After a majority of Cincinnati city council voted to send the idea of building a $6 million temporary jail back to the Law and Public Safety Committee Wednesday, council member Leslie Ghiz unloaded on her colleague John Cranley.
Ghiz, along with council member Jeff Berding, has floated the idea of building eight temporary jail structures as a way to eliminate the early release of prisoners. She was offended that five of her fellow council members declined to back her up with a vote that would have instructed acting city manager Dave Rager to begin negotiating with county officials the parameters of the jail proposal.
The county, through Sheriff Simon Leis and Prosecutor Joe Deters, has repeatedly said building the temporary jail structures is a bad idea and one they won't support.
While Ghiz was angry at all five council members who voted to send her idea back to committee, she was especially upset at Cranley's vote, which she said was politically motivated.
Cranley is running for Congress against Republican Steve Chabot.
"John is making a political decision to put this off until after the election is over," Ghiz said of Cranley. "He doesn't want to have to deal with the sheriff. His congressional race is far more important to him than the city.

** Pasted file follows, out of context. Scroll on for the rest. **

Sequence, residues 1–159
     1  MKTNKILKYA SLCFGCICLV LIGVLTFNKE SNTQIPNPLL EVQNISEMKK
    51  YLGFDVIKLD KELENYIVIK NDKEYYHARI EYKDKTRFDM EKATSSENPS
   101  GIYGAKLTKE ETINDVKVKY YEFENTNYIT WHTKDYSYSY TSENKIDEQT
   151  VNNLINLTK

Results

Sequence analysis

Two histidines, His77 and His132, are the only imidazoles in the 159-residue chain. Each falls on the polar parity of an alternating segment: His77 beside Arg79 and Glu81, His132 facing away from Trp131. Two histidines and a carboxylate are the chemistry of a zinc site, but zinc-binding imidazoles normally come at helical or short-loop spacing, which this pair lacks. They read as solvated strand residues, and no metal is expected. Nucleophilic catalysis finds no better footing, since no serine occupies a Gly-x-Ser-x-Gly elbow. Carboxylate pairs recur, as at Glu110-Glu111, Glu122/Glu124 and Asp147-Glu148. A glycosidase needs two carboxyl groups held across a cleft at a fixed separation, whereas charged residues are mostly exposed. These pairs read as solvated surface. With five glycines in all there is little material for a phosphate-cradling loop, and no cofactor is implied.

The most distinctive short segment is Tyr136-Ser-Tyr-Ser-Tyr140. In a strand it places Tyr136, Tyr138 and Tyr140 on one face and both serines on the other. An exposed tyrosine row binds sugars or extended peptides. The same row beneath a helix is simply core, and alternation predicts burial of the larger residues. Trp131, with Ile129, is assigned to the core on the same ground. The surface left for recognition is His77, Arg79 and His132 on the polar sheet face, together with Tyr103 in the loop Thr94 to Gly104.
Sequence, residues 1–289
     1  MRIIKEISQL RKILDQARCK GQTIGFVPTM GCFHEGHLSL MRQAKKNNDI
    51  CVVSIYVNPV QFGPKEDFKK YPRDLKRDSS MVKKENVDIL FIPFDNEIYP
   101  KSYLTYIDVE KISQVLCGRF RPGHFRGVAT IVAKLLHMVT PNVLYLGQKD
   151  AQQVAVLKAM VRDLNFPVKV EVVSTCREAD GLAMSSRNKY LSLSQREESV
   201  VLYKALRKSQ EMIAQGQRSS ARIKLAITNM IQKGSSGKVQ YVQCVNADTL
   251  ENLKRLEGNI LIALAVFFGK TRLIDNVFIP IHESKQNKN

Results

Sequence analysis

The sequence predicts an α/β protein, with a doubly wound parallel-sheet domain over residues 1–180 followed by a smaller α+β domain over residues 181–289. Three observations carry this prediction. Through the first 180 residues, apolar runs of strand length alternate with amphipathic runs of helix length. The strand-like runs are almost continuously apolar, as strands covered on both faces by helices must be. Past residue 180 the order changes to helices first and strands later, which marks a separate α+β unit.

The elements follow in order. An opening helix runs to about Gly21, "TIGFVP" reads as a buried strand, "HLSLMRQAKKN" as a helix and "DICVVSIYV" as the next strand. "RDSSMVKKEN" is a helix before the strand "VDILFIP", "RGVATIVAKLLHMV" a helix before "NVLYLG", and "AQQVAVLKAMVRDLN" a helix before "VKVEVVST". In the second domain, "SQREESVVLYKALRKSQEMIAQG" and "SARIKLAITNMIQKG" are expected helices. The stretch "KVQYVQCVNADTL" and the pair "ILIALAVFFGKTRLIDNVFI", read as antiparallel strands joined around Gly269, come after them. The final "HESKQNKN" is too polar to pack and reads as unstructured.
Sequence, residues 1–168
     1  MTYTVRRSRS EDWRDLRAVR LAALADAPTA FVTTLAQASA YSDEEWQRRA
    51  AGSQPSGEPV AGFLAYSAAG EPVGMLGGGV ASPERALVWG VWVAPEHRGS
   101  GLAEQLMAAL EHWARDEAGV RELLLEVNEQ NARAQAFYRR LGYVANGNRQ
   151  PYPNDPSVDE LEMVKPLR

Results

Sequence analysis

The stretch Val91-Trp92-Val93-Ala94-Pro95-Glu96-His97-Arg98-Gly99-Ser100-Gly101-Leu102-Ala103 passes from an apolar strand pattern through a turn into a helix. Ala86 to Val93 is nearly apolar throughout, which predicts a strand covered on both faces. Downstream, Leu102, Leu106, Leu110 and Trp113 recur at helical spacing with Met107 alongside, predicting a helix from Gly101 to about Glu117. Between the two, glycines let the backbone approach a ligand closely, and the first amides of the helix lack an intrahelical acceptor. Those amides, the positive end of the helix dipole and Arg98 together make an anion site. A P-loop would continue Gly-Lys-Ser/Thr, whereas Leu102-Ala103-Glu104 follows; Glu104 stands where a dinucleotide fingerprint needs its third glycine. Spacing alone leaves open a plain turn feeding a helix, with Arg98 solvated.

"He did it for political reasons, and it makes me want to vomit."
Cranley explained his vote in Wednesday's council meeting, saying it makes no sense to instruct Rager to negotiate with a group of people who don't want to talk about a temporary jail. Cranley said the better approach is for elected officials from both governments to talk about it in an attempt to convince county officials that the idea is a good one.
Cranley said he supports the temporary jail.
"I don’t question her motivations," Cranley said of Ghiz. "I think she really wants to get this done. We just have a disagreement over how to get it done. But if the shriff isn't convinced, this will never get accomplished.
You can’t ask the administration to solve a political problem. This can only be solved by the city's elected officials reaching out to the county's elected officials, and figuring out a compromise. If we stopped criticizing each other, we’ll go a lot further."